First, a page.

Main menu


US economic outlook split between recession, jobs and inflation

featured image

  • The economy affects Americans differently, depending on their income.
  • That’s showing up in corporate earnings as brands report low-income shoppers are holding back while luxury goods thrive.
  • It all points to another iteration of the K-shaped economy.

As fears of a recession grow, American economic conditions are moving in two directions.

It shows in recent company earnings, consumer debt measurements, and data on who lives paycheck to paycheck. While low-income shoppers are frugal and rely on credit cards, their wealthy contemporaries are still spending money on vacations and luxury goods.

Simon Properties, the largest owner of shopping malls in the United States, said Monday that while JC Penney shoppers are cutting back on spending, others are continuing to shop at luxury stores such as Brooks Brothers.

At Molson Coors, more beer drinkers flocked to cheaper brands like Keystone Light and Miller High Life, but there was also strong demand for pricier drinks like Blue Moon and Peroni.

At Chipotle, typical low-income consumers are “definitely buying less,” said CEO Brian Niccol. But high-income customers are ordering more often.

The McDonald’s CFO said the company “has customers, especially low-income customers, swapping for better value products and less combo menus.”

Meanwhile, more and more people are piling up credit card debt, looking for cheap brands, and doing extra work like driving an Uber.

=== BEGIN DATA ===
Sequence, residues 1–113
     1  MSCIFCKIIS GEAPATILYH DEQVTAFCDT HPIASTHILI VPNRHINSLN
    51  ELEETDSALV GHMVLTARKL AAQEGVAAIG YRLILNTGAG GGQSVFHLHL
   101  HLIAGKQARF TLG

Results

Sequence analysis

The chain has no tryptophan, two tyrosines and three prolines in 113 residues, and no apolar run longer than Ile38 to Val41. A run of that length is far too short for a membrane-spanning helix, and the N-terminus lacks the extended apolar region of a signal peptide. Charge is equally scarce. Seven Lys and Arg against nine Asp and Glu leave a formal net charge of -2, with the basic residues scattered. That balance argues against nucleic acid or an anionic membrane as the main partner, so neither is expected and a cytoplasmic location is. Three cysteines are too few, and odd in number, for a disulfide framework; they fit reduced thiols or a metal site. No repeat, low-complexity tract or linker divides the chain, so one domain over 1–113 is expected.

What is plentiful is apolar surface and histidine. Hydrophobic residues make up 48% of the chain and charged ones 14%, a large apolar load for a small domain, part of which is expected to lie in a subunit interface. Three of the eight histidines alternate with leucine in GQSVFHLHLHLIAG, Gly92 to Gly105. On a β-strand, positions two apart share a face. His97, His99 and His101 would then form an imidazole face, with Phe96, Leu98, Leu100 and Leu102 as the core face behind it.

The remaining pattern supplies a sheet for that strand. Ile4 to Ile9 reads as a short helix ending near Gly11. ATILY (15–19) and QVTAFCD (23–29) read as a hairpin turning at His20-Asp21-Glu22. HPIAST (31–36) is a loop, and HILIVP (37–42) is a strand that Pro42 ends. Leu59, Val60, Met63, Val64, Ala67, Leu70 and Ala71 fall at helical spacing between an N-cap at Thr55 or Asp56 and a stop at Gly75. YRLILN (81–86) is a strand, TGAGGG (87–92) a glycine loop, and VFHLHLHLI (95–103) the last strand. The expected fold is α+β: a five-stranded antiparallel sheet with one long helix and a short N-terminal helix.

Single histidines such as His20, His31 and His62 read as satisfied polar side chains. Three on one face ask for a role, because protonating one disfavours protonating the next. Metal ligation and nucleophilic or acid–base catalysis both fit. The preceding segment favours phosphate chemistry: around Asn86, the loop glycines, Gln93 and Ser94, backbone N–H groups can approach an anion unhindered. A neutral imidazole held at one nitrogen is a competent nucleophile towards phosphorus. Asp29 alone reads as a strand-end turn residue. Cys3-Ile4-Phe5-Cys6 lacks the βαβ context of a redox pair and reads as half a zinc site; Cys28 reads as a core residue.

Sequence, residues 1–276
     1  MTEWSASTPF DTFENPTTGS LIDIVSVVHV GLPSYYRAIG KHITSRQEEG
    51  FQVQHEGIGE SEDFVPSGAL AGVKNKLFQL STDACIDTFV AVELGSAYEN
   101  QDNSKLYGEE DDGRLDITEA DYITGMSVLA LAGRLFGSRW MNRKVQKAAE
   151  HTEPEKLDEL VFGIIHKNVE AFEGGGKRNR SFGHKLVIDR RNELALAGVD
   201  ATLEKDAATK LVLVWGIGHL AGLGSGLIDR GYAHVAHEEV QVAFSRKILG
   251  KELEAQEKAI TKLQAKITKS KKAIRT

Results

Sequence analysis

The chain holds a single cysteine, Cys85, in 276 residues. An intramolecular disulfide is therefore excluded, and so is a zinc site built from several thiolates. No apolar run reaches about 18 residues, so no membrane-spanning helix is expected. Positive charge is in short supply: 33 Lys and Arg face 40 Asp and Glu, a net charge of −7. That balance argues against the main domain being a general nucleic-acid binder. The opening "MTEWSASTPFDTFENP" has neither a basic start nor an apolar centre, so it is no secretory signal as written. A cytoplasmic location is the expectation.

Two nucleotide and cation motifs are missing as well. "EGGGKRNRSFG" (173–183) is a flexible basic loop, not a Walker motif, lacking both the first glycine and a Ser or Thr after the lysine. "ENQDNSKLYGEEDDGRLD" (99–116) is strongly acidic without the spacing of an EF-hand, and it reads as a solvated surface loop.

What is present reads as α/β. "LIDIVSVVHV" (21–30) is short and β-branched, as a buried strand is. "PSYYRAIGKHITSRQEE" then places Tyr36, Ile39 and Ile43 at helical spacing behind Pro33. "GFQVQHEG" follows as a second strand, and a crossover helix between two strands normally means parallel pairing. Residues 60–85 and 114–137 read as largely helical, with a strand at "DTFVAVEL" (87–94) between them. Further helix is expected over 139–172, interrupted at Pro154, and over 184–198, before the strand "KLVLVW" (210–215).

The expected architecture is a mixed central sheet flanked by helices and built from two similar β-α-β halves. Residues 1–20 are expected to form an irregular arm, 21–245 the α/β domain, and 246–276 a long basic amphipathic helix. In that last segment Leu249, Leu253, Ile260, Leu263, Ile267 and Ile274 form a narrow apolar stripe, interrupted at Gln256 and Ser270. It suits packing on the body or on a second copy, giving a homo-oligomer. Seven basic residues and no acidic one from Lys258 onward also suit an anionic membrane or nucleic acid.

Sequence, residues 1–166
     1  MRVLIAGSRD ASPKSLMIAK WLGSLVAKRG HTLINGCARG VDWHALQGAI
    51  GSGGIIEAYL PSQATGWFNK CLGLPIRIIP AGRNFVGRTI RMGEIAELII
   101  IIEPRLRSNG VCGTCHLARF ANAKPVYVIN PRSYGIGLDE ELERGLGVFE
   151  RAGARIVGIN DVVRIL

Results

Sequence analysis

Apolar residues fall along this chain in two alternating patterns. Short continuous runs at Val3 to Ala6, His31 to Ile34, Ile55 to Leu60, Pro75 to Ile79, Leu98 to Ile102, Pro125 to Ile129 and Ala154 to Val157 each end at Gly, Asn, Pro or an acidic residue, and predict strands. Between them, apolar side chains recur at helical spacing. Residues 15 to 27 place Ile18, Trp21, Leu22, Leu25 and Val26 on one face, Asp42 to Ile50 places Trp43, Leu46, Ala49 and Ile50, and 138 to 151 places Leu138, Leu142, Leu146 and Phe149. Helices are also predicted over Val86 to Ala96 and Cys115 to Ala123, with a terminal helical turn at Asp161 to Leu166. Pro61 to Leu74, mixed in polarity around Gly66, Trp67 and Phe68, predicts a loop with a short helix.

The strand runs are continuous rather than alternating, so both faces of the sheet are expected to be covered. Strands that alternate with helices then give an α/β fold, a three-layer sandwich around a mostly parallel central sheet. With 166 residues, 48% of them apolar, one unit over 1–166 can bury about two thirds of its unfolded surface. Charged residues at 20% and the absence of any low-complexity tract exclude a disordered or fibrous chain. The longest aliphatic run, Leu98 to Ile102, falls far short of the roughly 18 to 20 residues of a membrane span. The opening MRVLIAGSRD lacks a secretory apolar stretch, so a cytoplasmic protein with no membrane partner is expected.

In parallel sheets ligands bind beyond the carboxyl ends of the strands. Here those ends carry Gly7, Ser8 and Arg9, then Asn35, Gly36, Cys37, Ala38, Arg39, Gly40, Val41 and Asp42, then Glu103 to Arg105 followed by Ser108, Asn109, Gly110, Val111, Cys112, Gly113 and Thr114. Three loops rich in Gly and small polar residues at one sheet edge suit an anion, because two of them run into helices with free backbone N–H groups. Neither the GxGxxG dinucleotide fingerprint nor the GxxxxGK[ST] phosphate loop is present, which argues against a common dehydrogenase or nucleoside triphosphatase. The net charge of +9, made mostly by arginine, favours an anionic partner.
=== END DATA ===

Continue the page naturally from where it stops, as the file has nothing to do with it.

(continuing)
Delta, on the other hand, is seeing increased demand for its premium tickets, presumably from wealthy travelers.

“I think what we’re seeing is a bit of a fork,” Kohl CEO Michelle Gass said in May. “So some of our customers are switching to brands like Calvin, Tommy, Harley, Levi’s, and more premium brands, and many of the new products we’ve introduced. Percentage of customers going private label.”

Americans live in two parallel economies

Wealth inequality has only widened in recent years, but early policies during the pandemic have provided a temporary reprieve. Expanding unemployment benefits, his three rounds of stimulus, bans on evictions, and low interest rates have helped some low-wage workers succeed. However, these are all over.

For low-income Americans, the days of labor shortages are few and far between. Job openings are on the decline, unemployment claims are on the rise, and inflation remains near record levels, wiping out much of their income gains.

According to a LendingClub report, 61% of Americans were living paycheck to paycheck in June. Data from the New York Federal Reserve shows that while most borrowers are in a position to pay, this is much more difficult for low-income households than for households earning more than $50,000 a year.

Wealthier Americans seem to be doing well. Inflation is a nuisance, but many people have accumulated enough savings to continue spending, and given unemployment remains low, most people can rely on a steady source of income. increase.

All of this marks another iteration of the K-shaped economy, with two separate narratives playing out between low-income and wealthy consumers. As the economy continues to slow, Americans’ quality of life will depend, perhaps more than usual, on which side of the story they’re on.